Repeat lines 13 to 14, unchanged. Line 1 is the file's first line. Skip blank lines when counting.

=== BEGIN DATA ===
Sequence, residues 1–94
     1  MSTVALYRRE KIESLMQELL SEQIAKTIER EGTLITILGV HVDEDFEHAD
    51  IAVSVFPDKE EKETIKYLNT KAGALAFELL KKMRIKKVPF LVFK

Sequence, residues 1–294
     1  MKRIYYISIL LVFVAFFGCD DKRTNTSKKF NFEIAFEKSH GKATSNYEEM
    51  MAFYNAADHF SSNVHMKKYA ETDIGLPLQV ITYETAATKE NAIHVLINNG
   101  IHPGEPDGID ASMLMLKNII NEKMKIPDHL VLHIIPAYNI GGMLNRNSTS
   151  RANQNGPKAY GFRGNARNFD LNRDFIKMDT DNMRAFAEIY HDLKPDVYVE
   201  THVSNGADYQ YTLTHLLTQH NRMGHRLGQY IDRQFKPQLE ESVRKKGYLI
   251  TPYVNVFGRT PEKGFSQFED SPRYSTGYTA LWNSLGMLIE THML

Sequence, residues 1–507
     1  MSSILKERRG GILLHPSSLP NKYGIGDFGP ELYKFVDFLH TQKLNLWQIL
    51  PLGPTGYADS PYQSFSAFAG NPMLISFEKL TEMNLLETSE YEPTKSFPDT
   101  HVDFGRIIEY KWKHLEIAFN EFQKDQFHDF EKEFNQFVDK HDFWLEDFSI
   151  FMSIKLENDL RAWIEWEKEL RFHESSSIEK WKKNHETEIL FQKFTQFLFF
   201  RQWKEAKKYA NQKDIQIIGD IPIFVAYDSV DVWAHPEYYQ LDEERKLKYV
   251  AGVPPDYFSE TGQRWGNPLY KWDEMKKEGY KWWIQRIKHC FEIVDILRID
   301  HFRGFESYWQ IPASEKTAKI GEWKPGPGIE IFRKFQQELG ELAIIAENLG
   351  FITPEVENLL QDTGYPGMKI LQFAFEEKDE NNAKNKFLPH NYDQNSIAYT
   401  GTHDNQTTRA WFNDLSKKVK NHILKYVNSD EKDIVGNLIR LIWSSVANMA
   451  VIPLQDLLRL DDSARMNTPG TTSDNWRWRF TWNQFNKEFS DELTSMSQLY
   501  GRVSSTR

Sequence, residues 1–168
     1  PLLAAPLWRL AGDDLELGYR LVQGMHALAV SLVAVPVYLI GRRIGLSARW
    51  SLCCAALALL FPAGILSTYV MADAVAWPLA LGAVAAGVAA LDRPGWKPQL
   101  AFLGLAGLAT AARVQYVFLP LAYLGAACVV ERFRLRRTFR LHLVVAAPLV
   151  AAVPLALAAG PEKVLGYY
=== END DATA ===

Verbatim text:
    51  PLGPTGYADS PYQSFSAFAG NPMLISFEKL TEMNLLETSE YEPTKSFPDT
   101  HVDFGRIIEY KWKHLEIAFN EFQKDQFHDF EKEFNQFVDK HDFWLEDFSI